The review process has very much been driven by user demand. The prioritization of records to be reviewed was established after public meetings and online review by the user community. The results are posted on the NDC website.
So far the news is good. More than 84 million pages have passed the quality review process, the first step. Of the 14.5 million pages which have been fully reviewed, 91% were declassified and made available… [ Read all ]
On Sunday, I was honored to provide the keynote address for the Next Century Convocation at MIT, the institution which launched my career and shaped my worldview. I shared my thoughts on MIT’s striking founding vision and how pervasive its influence has been over the last 150 years, even in unexpected places.
MIT’s motto is “mens et manus”, Latin for “mind and hand.” It embodies the educational philosophy of William Barton Rogers and the founders of MIT. Their original proposal to create MIT, Objects and Plan of an Institute of Technology, addresses itself to “…manufacturers, merchants, mechanics, agriculturists, and other friends of enlightened industry in the Commonwealth.”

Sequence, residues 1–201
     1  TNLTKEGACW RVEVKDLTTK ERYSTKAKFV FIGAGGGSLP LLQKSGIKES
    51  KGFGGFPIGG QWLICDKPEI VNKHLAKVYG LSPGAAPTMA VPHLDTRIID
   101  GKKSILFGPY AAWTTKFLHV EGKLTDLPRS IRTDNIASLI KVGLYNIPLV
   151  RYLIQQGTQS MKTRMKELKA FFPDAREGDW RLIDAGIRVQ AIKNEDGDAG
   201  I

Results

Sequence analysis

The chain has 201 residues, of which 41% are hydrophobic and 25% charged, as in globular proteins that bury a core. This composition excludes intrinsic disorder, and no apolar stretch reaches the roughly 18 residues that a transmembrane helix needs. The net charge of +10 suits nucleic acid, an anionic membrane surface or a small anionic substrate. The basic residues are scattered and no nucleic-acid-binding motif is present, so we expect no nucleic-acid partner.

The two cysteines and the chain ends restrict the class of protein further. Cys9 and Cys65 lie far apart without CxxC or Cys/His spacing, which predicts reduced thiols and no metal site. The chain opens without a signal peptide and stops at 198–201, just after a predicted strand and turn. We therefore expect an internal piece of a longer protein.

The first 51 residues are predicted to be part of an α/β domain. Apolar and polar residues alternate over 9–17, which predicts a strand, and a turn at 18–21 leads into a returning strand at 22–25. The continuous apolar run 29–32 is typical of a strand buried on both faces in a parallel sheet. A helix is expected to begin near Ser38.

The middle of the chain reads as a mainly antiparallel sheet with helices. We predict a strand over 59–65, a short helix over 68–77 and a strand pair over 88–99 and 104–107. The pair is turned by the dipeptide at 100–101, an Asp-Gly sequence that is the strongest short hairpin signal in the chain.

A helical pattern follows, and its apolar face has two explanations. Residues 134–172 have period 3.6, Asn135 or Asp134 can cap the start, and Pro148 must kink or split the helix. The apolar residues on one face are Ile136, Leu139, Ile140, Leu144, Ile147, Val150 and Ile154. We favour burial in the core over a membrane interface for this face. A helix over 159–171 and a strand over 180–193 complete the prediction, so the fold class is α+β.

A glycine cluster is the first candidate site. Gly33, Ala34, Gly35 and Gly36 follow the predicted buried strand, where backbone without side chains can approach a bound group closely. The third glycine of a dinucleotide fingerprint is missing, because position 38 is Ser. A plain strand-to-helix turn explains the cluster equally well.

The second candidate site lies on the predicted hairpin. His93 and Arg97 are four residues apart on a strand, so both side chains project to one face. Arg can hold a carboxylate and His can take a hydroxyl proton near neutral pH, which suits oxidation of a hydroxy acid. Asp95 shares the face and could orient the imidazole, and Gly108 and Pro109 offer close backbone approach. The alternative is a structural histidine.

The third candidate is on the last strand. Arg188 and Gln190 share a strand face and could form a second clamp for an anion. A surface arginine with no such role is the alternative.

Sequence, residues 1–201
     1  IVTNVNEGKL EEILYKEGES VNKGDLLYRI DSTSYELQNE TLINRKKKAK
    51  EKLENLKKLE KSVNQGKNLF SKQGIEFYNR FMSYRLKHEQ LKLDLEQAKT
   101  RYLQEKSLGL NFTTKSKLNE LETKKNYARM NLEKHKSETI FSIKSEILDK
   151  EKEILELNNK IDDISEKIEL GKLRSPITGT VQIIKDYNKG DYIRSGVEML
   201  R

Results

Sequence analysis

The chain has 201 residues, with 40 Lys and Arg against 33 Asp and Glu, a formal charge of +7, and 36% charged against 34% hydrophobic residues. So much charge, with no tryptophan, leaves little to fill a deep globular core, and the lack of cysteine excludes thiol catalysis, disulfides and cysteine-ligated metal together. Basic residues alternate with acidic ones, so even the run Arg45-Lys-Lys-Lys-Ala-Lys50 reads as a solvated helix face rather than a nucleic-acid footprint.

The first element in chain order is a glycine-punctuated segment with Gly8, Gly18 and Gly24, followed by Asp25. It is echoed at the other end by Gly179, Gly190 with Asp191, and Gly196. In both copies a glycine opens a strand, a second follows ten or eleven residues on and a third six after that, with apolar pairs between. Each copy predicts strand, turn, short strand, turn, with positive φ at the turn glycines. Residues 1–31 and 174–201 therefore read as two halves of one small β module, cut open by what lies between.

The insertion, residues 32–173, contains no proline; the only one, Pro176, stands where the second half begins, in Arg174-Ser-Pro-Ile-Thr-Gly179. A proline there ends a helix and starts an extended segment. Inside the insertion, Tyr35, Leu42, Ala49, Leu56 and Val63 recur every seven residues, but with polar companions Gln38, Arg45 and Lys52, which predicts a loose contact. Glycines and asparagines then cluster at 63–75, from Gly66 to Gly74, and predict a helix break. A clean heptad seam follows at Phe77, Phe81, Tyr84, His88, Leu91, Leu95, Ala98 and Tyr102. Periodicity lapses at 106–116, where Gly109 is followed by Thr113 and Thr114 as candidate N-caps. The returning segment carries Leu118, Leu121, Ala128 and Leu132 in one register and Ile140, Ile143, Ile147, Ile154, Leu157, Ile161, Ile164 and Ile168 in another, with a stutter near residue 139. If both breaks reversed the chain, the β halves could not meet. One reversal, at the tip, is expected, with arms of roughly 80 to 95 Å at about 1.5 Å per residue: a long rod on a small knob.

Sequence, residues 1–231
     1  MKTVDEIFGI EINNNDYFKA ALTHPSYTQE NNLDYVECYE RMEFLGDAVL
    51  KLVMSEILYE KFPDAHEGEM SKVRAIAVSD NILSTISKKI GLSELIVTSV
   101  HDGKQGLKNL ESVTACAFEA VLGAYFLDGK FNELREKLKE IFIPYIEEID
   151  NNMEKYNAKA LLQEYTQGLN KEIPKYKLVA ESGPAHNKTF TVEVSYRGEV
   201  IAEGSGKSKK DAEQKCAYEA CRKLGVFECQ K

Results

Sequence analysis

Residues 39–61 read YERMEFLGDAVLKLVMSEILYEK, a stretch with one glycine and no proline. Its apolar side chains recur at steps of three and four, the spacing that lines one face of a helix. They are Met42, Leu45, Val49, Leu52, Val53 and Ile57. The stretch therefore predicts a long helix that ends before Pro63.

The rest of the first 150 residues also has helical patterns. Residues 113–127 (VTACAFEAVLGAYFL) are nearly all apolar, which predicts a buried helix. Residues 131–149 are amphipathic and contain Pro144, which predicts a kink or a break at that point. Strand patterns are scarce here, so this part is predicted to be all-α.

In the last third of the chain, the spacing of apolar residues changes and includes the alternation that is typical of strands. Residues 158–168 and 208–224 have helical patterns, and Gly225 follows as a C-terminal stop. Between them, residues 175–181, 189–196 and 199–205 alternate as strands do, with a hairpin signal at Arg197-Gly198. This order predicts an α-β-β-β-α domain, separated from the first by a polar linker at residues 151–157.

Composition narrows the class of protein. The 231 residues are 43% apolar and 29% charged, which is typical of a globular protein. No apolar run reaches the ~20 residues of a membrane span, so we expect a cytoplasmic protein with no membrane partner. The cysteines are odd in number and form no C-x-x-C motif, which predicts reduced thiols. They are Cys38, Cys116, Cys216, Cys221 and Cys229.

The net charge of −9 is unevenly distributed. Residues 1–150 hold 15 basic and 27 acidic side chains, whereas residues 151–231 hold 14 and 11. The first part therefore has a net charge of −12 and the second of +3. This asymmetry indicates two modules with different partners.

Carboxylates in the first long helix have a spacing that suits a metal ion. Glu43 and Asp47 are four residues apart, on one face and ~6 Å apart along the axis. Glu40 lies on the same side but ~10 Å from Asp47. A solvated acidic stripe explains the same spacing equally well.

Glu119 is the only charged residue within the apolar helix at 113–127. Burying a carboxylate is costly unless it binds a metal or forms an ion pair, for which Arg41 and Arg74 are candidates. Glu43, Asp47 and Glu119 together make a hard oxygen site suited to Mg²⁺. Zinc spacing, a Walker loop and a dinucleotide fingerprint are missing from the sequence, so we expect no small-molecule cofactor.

So where did William Barton Rogers get his inspiration?
Ralph Waldo Emerson wrote “A man is known by the books he reads…” Rogers was a geologist by training but a look at his personal library gives one a sense of the range of his knowledge, interests, and attitudes toward the approach to education outlined in the Objects and Plan.
In 1975, when the MIT Alumni Association was celebrating its Centennial, a colleague and I had the opportunity to prepare an exhibit based on our yearlong effort to identify and reassemble the founder’s original library. Working from a crude inventory in his own handwriting and with a lot of time at the shelves of all of the MIT… [ Read all ]
A test of a nation’s commitment to transparency and self-government comes in how it explains to succeeding generations the more difficult or controversial moments of the past.
Watergate is one such moment in our nation’s history — and a topic that is now more fully explored at the Nixon Presidential Library and Museum.